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‘WATCHER’ Review: A paralyzing sense of persecutory paranoia buoyed by a chillingly palpable performance from Monroe

SYNOPSIS: as a serial killer nicknamed “The Spider” stalks the streets, Julia – a young actress who just moved to town with her boyfriend – notices a mysterious stranger watching her from across the street.

Director Chloe Okuno (V/H/S 94) cites both Roman Polanski (The Tenant) and Sofia Coppola (Lost in Translation) as key influences for her latest endeavour, Watcher. This writer also felt some smart nods to Rear Window in this moderately tense psycho-drama, which marks her full feature debut.

Julia’s (Maika Monroe) half Romanian boyfriend Francis (Karl Glusman) has been promoted at work, resulting in the couple relocating to Bucharest. Whilst he spends long hours at the office, dining with clients and trying to impress his friends, her days are spent alone.

Shortly after moving into their apartment, she notices someone watching her from a window across the street. Eventually, Julia waves at them to see if they are simply looking out the window; what follows is marvellously chilling, with Monroe making her sense of horrified reaction palpable to the audience. It’s a brilliantly reserved performance from an actress who continues to grow in dramatic stature, never allowing her role to become overblown or tip into histrionics – something that can be a risk with a role of this nature.

As things progress, she believes that the same man is now following her around, with Okuno admirably sustaining an atmosphere of dread and delivering moments of fear from the most mundane of things, such as a trip to the shops.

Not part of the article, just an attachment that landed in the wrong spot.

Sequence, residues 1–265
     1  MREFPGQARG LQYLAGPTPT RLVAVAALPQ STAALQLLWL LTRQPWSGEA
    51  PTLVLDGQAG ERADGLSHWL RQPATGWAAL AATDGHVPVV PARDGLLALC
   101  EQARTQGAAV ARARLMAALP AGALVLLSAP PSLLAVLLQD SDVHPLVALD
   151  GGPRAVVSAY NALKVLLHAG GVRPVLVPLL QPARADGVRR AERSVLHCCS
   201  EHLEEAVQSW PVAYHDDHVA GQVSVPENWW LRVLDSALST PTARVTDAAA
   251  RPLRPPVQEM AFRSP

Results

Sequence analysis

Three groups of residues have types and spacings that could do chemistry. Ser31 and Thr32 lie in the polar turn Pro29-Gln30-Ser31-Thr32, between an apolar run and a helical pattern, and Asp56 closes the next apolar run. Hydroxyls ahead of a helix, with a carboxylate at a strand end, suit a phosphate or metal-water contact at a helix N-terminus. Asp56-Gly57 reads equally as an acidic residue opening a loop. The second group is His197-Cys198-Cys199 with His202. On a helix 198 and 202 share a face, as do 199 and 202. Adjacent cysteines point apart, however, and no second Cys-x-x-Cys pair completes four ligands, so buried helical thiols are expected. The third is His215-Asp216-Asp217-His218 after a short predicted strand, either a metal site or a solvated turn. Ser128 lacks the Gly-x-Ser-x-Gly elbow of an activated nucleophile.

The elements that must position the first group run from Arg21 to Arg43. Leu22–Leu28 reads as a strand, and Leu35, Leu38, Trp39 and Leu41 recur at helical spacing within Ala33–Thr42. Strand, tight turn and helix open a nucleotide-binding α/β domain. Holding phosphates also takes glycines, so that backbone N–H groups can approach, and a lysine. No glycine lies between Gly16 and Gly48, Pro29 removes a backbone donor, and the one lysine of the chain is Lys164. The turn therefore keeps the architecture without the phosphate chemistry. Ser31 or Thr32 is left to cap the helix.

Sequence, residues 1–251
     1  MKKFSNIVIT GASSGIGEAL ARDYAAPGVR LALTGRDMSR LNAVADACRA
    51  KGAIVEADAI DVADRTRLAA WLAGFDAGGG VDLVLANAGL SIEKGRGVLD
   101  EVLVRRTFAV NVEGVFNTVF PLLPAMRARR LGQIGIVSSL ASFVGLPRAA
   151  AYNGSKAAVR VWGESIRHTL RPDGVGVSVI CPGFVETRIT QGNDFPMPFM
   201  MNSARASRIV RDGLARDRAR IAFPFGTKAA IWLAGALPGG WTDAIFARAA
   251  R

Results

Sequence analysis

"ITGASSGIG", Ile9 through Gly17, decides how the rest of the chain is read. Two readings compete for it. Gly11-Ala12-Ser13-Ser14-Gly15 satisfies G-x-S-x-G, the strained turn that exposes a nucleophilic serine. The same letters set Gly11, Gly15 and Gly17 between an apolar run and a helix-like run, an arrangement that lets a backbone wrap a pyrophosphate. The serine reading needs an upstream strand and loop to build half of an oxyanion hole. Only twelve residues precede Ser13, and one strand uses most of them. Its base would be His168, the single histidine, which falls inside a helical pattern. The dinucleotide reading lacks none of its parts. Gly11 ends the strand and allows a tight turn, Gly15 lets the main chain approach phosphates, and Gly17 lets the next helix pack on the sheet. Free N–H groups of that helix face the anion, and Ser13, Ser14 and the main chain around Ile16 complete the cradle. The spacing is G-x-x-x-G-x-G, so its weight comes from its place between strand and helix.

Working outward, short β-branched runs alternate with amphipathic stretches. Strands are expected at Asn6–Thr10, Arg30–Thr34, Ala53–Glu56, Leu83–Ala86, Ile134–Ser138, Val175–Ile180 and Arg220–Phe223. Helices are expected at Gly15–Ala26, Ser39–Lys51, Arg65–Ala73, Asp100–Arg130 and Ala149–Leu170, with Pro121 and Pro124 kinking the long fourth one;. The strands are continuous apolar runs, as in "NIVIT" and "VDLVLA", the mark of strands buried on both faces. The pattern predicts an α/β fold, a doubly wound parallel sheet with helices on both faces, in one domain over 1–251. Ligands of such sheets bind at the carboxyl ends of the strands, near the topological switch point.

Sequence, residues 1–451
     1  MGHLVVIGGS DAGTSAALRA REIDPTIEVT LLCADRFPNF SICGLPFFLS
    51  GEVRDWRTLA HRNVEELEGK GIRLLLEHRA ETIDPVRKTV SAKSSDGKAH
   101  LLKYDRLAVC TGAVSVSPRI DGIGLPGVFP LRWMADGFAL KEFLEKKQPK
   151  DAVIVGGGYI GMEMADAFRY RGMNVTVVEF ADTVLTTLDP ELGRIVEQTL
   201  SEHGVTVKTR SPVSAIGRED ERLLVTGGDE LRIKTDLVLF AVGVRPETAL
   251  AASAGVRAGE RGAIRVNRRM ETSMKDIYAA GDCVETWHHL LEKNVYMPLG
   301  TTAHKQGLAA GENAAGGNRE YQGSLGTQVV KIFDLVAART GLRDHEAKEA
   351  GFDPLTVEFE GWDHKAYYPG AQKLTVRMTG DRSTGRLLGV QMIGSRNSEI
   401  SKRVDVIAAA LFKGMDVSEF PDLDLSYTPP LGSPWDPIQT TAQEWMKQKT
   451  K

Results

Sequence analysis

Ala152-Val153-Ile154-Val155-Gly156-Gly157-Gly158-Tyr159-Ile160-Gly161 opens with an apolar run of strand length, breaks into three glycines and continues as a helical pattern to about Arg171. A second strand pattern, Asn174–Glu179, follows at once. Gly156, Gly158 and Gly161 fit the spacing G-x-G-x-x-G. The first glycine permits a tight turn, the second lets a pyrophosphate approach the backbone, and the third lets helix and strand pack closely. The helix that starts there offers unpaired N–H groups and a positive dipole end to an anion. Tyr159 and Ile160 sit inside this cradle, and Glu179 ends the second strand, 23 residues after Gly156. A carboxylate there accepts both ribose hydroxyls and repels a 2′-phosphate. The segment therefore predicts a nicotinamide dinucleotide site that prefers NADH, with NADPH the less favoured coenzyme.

Francis’ character is clichéd; the boyfriend who, whilst caring, is totally oblivious to what’s right under his nose and becomes more dismissive as time goes on. After reviewing CCTV footage of the stalker, Julia says “He’s staring right at me.” To which he replies, “Or he’s staring at the woman who’s staring at him”. Glusman is the weak link here, his performance feeling distant, bordering on phoned-in at times.

Watcher is ultimately about the fear of isolation, loneliness and not fitting in, which is shiningly conveyed by Monroe and her director. The steady pacing and dark tone won’t be to everyone’s liking, but the payoff, whilst somewhat generic, does bring things to a satisfyingly bloody conclusion.

An honourable mention must also be given to the brit actor Burn Gorman, who delivers a quietly unsettling turn and whose character billing lends the film its title.


Watcher releases in theaters on June 3 and on demand June 21, 2022.


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